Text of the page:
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Factors influencing postnatal Option B+ participation and breastfeeding duration among HIV-positive women in Lilongwe District, Malawi: A qualitative study

  • Valerie L. Flax ,

    Affiliations Department of Nutrition, Gillings School of Global Public Health, University of North Carolina, Chapel Hill, North Carolina, United States of America, RTI International, Research Triangle Park, North Carolina, United States of America

  • Gloria Hamela,

    Affiliation UNC Project – Malawi, Lilongwe, Malawi

  • Innocent Mofolo,

    Affiliation UNC Project – Malawi, Lilongwe, Malawi

  • Mina C. Hosseinipour,

    Affiliations UNC Project – Malawi, Lilongwe, Malawi, Department of Medicine, School of Medicine, University of North Carolina, Chapel Hill, North Carolina, United States of America

  • Irving F. Hoffman,

    Affiliations UNC Project – Malawi, Lilongwe, Malawi, Department of Medicine, School of Medicine, University of North Carolina, Chapel Hill, North Carolina, United States of America

  • Suzanne Maman

    Affiliation Department of Health Behavior, Gillings School of Global Public Health, University of North Carolina, Chapel Hill, North Carolina, United States of America

Factors influencing postnatal Option B+ participation and breastfeeding duration among HIV-positive women in Lilongwe District, Malawi: A qualitative study

  • Valerie L. Flax, 
  • Gloria Hamela, 
  • Innocent Mofolo, 
  • Mina C. Hosseinipour, 
  • Irving F. Hoffman, 
  • Suzanne Maman


To ensure the health of mothers and children, prevention of mother-to-child HIV transmission (PMTCT) programs test women for HIV, engage HIV-positive women in care, and promote recommended breastfeeding practices. Under Malawi’s Option B+ PMTCT program, ~20% of women are lost-to-follow-up (LTFU) and little is known about their breastfeeding practices. The purpose of this study is to describe facilitators and barriers to Option B+ participation and how participation influences breastfeeding duration. We conducted in-depth interviews with HIV-positive women in Option B+ (n = 32) or LTFU from Option B+ (n = 32). They were recruited from four government clinics in Lilongwe District and had a child aged 0–23 months. Women in Option B+ had better disclosure experiences and more social support than LTFU women. The most common reasons for LTFU were fear of HIV disclosure, anticipated or experienced stigma, and insufficient social support. Other reasons included: non-acceptance of HIV status, antiretroviral therapy (ART) side effects, lack of funds for transport, and negative experiences with clinic staff. Worries about possible transmission, even while on ART, influenced timing of weaning for some women in Option B+. Despite their knowledge of the risk of HIV transmission to the child, most LTFU women continued to breastfeed after stopping ART because they considered breastmilk to be an important source of nutrients for the child. Given that HIV-positive Malawian women LTFU from Option B+ breastfeed in the absence of ART, efforts are needed to use evidence-based strategies to address the barriers to Option B+ participation and avert preventable transmission through breastmilk.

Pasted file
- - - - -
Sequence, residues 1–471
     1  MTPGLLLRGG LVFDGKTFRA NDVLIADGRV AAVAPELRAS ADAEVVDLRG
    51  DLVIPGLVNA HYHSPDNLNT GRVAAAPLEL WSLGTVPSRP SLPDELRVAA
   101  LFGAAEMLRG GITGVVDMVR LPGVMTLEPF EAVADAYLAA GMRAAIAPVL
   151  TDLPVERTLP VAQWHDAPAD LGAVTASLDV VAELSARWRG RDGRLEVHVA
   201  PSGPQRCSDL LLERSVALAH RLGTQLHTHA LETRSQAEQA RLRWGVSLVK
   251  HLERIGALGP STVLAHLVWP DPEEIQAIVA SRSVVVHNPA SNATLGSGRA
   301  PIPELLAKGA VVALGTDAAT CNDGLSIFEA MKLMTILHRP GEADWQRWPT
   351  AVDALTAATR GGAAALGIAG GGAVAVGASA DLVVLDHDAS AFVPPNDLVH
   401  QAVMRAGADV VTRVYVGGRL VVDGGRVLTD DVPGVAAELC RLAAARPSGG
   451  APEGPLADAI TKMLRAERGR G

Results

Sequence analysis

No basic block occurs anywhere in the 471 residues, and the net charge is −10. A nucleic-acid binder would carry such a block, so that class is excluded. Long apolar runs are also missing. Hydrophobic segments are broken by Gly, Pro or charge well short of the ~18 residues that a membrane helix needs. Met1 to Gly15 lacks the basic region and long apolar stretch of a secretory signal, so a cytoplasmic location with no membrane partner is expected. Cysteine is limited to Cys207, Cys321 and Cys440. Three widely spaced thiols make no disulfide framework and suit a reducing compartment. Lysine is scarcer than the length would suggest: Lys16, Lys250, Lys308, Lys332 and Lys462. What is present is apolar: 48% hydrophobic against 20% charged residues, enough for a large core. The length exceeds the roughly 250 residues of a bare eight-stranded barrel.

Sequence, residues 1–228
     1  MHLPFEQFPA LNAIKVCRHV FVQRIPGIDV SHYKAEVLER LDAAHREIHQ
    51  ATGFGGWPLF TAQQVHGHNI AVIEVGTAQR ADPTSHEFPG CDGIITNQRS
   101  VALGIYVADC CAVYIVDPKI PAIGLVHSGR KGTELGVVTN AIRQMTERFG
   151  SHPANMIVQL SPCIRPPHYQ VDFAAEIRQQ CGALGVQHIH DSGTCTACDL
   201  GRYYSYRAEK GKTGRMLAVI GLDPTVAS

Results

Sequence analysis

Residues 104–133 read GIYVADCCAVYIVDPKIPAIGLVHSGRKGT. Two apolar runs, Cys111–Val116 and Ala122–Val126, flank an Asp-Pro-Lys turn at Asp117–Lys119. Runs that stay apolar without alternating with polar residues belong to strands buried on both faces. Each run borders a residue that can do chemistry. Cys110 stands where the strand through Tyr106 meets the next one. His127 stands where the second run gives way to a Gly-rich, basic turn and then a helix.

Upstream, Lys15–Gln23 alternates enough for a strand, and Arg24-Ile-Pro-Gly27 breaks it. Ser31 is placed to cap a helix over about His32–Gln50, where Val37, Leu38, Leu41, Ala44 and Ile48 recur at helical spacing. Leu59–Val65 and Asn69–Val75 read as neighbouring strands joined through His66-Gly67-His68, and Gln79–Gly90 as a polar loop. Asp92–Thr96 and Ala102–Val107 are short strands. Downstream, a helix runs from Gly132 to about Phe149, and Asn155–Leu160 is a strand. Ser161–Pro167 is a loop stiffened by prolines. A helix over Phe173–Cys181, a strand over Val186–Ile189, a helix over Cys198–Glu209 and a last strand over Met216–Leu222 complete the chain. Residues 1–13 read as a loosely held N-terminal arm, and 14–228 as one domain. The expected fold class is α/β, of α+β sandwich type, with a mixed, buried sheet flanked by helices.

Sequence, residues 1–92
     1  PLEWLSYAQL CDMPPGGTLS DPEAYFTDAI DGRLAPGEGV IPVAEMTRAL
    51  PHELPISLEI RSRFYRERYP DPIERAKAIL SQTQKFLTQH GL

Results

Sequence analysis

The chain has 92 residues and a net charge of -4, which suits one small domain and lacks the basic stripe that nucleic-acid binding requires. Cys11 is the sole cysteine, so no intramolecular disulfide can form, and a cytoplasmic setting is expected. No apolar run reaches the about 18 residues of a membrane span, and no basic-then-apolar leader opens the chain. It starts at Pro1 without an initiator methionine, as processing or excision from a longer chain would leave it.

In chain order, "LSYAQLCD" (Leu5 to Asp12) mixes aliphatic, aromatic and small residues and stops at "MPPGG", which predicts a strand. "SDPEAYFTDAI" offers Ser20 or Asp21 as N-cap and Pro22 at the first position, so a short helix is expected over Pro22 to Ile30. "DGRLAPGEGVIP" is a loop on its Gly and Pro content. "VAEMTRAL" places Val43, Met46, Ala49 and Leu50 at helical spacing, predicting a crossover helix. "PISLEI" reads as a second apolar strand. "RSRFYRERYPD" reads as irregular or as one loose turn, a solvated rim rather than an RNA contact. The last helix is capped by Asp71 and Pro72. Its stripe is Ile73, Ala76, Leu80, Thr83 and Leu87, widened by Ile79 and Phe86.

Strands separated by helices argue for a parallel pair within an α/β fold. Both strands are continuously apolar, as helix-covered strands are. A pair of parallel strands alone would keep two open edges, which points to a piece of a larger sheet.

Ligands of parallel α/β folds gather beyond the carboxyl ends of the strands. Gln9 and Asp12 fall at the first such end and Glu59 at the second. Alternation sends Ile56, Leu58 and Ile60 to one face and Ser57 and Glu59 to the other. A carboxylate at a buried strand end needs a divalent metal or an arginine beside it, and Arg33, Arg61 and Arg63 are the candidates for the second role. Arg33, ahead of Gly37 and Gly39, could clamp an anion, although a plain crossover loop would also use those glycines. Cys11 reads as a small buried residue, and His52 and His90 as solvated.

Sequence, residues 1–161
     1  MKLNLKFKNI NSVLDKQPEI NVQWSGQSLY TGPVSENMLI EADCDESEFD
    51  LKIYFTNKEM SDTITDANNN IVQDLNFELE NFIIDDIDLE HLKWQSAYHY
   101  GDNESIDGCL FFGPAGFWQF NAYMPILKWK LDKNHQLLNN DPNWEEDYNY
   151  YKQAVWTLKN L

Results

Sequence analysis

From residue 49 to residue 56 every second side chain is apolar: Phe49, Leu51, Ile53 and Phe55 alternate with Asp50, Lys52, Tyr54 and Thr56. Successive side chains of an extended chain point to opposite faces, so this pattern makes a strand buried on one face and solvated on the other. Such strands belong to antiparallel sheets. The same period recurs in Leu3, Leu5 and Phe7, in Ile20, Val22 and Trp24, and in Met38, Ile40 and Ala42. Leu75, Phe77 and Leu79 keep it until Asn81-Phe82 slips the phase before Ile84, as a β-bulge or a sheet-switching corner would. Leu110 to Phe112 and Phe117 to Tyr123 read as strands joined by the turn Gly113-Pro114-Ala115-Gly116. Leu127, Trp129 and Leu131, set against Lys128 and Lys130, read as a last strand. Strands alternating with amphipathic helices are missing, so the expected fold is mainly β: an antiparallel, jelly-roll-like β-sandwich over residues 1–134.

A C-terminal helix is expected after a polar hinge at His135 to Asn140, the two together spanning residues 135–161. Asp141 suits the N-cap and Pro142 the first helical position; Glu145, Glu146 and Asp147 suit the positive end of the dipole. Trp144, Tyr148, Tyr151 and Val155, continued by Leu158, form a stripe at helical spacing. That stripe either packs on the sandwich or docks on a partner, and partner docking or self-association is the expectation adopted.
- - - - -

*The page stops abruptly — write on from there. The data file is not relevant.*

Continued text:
Antiretroviral therapy (ART) and optimal infant feeding practices are the two main strategies recommended by the World Health Organization (WHO) for limiting HIV transmission from mother to child and improving the HIV-free survival of exposed infants and young children [1,2]. Prevention of mother-to-child transmission (PMTCT) programs in low- and middle-income countries with high HIV prevalence typically implement these guidelines through same-day HIV testing and treatment initiation for pregnant or breastfeeding women and through group or individual infant feeding counseling. Option B+ is currently the most widely used PMTCT strategy [3]. It offers lifelong ART regardless of women’s immunologic or clinical disease stage [2]. At the time of this study, WHO recommended that HIV-positive women should exclusively breastfeed their infants until six months and continue breastfeeding until 12 months [1]. Malawi modified the guidelines to extend continued breastfeeding to 24 months [4]; the same extended period of breastfeeding was recently adopted under the updated WHO HIV and infant feeding guidelines [5].

Option B+ has increased PMTCT participation and ART coverage among pregnant HIV-positive women in Malawi [68]. However, approximately 20% of Malawian women who are tested and enrolled in Option B+ are lost to follow-up (LTFU), with more than half of these stopping ART [9]. Loss to follow-up occurs most frequently during the first three months after women start the program and among women with high CD4 counts or those who enter PMTCT and initiate ART while breastfeeding [10,11]. Studies of barriers to PMTCT participation found that some of the common reasons women dropped out were fears of involuntary HIV disclosure; stigma from family and community members; negative interactions with health staff; lack of support from husbands; and difficulties accessing services [1117].